Earth  ID: 11009

Dissecting Isabel

After weakening from a Category 5 storm over the Atlantic Ocean, Hurricane Isabel made landfall on September 18, 2003, at North Carolina's Outer Banks with Category 2 status, then skirted up the U.S. coast as a tropical storm. Researchers tracked the storm from the ground, air and space, but observations can't reveal all of a storm's inner workings. So models are used to explore the physical processes associated with storm formation, structure and intensification. Calculations are performed within a virtual cube of the atmosphere, creating a 3D version of the storm. Details revealed could help forecasters more accurately predict the path and intensity of hurricanes. This NASA visualization merges global and regional data into a high-resolution weather model to recreate Hurricane Isabel. Watch the simulated features of the storm, from spinning winds and spiral cloud bands, to a realistic eye-like center.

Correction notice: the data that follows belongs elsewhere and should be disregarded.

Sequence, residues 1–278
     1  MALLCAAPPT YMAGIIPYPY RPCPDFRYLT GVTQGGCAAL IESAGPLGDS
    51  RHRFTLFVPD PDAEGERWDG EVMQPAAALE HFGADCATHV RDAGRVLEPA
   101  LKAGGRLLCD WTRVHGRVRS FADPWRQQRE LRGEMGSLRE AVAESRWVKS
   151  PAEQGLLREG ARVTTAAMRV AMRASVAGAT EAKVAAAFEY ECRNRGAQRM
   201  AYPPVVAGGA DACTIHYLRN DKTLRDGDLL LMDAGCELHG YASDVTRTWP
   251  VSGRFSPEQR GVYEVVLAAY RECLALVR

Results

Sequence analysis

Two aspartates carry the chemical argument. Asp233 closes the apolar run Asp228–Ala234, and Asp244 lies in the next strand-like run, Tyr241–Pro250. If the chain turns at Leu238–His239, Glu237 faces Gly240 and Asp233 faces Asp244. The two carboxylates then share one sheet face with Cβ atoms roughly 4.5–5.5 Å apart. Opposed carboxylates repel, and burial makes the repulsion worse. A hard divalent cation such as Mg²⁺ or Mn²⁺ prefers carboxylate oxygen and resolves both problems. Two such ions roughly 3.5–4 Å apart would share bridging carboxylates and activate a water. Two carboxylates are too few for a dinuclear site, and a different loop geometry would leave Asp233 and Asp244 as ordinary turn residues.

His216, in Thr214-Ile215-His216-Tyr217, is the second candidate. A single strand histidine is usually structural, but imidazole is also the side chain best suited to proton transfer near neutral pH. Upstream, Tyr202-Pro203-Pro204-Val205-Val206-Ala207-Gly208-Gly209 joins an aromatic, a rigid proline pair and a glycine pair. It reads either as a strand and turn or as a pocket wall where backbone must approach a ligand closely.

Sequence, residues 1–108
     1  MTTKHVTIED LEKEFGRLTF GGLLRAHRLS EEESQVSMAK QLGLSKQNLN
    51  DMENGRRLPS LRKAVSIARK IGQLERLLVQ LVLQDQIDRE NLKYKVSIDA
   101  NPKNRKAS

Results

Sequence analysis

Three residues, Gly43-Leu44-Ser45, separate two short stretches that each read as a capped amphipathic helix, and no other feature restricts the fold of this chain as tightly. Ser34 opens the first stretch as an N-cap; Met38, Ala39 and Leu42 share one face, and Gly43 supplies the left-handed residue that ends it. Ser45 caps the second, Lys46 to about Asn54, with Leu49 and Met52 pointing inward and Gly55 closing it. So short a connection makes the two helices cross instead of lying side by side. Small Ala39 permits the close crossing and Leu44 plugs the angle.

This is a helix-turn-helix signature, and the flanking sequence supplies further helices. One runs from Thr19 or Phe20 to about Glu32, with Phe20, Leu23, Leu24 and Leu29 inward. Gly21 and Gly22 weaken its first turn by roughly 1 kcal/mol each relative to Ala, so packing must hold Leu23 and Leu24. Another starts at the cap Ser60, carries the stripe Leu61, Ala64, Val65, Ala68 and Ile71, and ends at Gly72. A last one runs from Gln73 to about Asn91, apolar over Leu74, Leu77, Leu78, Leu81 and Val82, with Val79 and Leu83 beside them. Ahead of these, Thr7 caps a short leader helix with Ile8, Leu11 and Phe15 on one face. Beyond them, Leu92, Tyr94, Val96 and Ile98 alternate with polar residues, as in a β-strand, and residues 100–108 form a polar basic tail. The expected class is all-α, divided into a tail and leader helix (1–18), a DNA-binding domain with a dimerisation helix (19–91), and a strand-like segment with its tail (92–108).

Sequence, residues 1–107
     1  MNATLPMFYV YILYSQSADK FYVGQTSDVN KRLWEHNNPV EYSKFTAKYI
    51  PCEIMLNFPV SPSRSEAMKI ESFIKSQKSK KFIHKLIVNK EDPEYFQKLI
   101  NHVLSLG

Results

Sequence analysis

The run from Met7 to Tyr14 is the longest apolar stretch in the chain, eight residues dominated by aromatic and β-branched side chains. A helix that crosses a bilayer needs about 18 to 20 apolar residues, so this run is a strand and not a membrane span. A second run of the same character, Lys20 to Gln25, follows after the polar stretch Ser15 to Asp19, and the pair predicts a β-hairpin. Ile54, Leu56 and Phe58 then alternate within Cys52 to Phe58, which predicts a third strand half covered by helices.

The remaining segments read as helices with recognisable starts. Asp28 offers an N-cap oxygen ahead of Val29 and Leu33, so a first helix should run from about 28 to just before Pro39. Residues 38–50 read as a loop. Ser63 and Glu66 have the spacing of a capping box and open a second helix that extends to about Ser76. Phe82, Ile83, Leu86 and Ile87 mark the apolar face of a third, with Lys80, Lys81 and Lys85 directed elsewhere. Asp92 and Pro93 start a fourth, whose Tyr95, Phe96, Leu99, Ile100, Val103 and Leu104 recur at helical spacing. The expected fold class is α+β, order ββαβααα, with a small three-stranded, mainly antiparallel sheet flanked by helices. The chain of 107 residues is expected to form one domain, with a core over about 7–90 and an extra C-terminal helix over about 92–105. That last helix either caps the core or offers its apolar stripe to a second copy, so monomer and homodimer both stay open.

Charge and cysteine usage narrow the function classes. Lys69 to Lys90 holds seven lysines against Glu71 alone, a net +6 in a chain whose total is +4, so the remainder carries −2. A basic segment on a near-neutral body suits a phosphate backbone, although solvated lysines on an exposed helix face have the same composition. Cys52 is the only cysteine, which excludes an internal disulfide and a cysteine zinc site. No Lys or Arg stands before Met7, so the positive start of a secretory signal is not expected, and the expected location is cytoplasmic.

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Story Credits

Greg Shirah (NASA/GSFC)
Horace Mitchell (NASA/GSFC)

Video Editor:
Kayvon Sharghi (USRA)

Michael Starobin (HTSI)

Lead Scientist:
Tsendgar J. Lee (NASA/HQ)

Lead Writer:
Kathryn Hansen (Wyle Information Systems)

Please give credit for this item to:
NASA's Goddard Space Flight Center
ISS image courtesy of Johnson Space Center

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